Somewhat Valuable Player Award

In 1979, I was admitted into the second class of women that lived on campus at the heretofore all-male Wofford College. The college was chartering a women’s basketball program and the coach wasn’t overly picky. She wasn’t desperate enough to take anyone with a pulse, but, as I had scored two baskets over three years of playing YMCA league, I made the cut. Continue reading

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Really Really Bad Salesman

Bad salesman in Garmisch

Image Credit Wikipedia Commons

When husband and I decided to buy a piece of furniture painted in the traditional Bavarian folk-art style, or biggest obstacle was a bad salesperson.

Living in southern Germany, my husband and I came to love the Bauernmalerei folk-art furniture style. We traveled to Garmisch-Partenkirchen, situated at the foot of the Zugspitze Alp, where we hoped to select and order a hand-made Bavarian keepsake.

This was in the late 1980’s when a strong US-Dollar motivated hordes of American tourists to visit picturesque Germany. Beautiful Garmisch, with its painted buildings and cobblestones streets, was a popular destination.

We found a small store that had beautiful hand-painted armoires that we immediately fell in love with. Since the shop owner was studiously ignoring us, we sought him out and asked him, in our fluent German, what the price ranges.

“Teuer [Expensive],” he responded.

Matt and I looked at each other. Ok, so he didn’t particularly like Americans. He probably had tons come into his shop and leave again without purchasing anything. We got it. As ex-pats, we sometimes cringed at the behavior of busloads of US-tourists. Un-offended (or not very offended), we persevered.

“How expensive?” I asked.

“Sehr [Very].”

At this point, I was torn between wanting to giggle and wanting to stomp out. Luckily, Matt remained calm.

Bad salesman very Expensive Armoire “Could you be more exact?” he asked, pointing at an exemplar that we had particularly admired. “How much would one like this cost?”

“It depends.”

Yep. He hated American tourists, or possibly any tourist, or possibly anyone.

“Depends on what?” I asked testily, fully expecting him to tell me it depended on how much he hated the individual wanting a quote.

He grumpily pointed out features of carving and painting that influenced pricing. Finally, after pointing out the features we liked, we got a price out of the man.

Despite his misogynist temperament, we loved his work and decided to order an armoire from him. We still love it, twenty-plus years later. When visitors admire it, we enjoy telling them how it was “very expensive.”

© Laura Hedgecock 2013
Interested in sharing your memories? My website, Treasure Chest of Memories, has tips, resources, and a blog about memory sharing.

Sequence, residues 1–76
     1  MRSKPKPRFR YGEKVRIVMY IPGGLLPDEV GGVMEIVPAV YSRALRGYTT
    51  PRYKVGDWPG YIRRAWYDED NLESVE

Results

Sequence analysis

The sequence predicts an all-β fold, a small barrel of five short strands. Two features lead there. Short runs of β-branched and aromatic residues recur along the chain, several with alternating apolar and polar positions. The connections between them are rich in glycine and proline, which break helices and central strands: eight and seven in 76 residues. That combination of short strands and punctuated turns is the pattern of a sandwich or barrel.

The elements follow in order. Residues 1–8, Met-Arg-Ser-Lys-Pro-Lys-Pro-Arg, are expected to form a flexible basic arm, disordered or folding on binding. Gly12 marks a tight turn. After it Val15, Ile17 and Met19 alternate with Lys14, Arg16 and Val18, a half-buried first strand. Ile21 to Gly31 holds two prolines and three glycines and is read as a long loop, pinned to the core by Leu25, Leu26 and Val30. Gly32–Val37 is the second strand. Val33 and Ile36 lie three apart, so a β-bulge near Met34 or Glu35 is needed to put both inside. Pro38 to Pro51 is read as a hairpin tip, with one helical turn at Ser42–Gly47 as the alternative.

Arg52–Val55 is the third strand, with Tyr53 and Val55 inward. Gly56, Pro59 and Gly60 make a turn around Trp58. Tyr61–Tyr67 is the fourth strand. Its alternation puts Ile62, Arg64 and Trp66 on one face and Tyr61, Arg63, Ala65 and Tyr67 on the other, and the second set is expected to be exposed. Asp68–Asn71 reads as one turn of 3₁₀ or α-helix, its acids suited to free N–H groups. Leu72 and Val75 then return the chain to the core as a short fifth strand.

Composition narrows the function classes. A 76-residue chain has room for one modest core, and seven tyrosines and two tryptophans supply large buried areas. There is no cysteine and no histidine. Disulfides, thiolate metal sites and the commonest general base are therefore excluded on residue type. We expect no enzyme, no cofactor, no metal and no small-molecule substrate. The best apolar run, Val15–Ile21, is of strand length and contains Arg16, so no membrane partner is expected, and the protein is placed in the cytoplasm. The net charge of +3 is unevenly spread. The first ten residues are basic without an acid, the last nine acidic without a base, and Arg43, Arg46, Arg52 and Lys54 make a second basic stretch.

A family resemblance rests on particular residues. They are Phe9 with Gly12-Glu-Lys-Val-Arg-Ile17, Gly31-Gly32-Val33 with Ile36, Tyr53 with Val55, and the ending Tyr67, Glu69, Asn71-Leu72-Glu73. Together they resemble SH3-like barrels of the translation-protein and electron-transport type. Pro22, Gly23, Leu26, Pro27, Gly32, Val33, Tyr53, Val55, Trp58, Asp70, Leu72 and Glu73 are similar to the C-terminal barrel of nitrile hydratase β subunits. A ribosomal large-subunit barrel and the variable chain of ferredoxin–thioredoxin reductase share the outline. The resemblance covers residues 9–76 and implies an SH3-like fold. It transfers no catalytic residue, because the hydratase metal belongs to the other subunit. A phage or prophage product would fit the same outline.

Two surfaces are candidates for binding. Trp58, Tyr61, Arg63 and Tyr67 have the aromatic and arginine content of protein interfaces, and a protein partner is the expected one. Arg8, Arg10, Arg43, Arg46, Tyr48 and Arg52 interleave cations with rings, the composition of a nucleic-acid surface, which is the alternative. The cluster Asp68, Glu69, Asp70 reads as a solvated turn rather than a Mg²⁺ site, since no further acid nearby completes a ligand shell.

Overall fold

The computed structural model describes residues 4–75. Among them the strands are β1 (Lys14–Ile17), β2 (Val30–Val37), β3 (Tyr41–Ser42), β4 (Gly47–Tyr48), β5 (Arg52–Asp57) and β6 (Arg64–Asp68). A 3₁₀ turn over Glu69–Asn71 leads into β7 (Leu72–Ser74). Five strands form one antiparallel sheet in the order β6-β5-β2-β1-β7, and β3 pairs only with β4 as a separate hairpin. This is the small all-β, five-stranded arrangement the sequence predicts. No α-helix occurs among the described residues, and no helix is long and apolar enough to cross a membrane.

Romantic Doggie Bag

chocolate pie

Image credit: Thekitchn.com

My husband’s work  travel has always taken place in spurts and life is definitely less fun when he’s away.

I remember one particularly hard week, stuck at home alone, feeling like crap, with two very-active-is-a-gross-understatement young boys. Matt’s week ended with a return to the area to wine and dine customers.

Around 11 pm, he called to say that he was not only finally on his way home, but he had a nice treat for me. Knowing me to be his “Forget chicken soup! I want chocolate!” girl, he knew the way to my heart. To cheer me up, he said, he was bringing me a doggie bag (Styrofoam box) with a luscious piece of French silk pie.

Since he was 45 minutes away when he called, I passed the time salivating like Pavlov’s dog and making decaf coffee to have with my romantic gift. By the time he arrived, I had a plate with two forks and hot coffee at the ready.

With anticipatory pomp and circumstance, we opened the box to a horrific sight.

Steak T Bone

Not what I wanted to see

The restaurant staff had mixed up their to-go boxes. Instead of pie, I was looking down at a gnawed on T-bone from some stranger’s steak.

Disappointed German Shepherd

Disappointed

After ranting that Matt call the restaurant and insist they deliver me some pie, pulling my hair out, etc., I realized it could have been worse.

I could be some German shepherd, salivating in anticipation of a juicy bone that his master called to tell him to expect, only to find one of the few things dogs aren’t allowed to eat in the box—chocolate.

At this years’ company party, we won a gift card to that swanky restaurant. I’m finally going to get that piece of pie.

© Laura Hedgecock 2013
Interested in sharing your memories? My website, Treasure Chest of Memories, has tips, resources, and a blog about memory sharing.

Garden Pariah

Ants on flower bud

Ants on wet peony bud

You’d think the garden pariah would be the dreaded emerald ash borer or Japanese beetle. Sadly, it’s not the destructive insects that the garden inhabitants seem to want to vote off the island.

It’s me.

Nature lover. Animal rescuer. Bird feeder. Habitat builder.

The woman wanting to take pictures of flowers.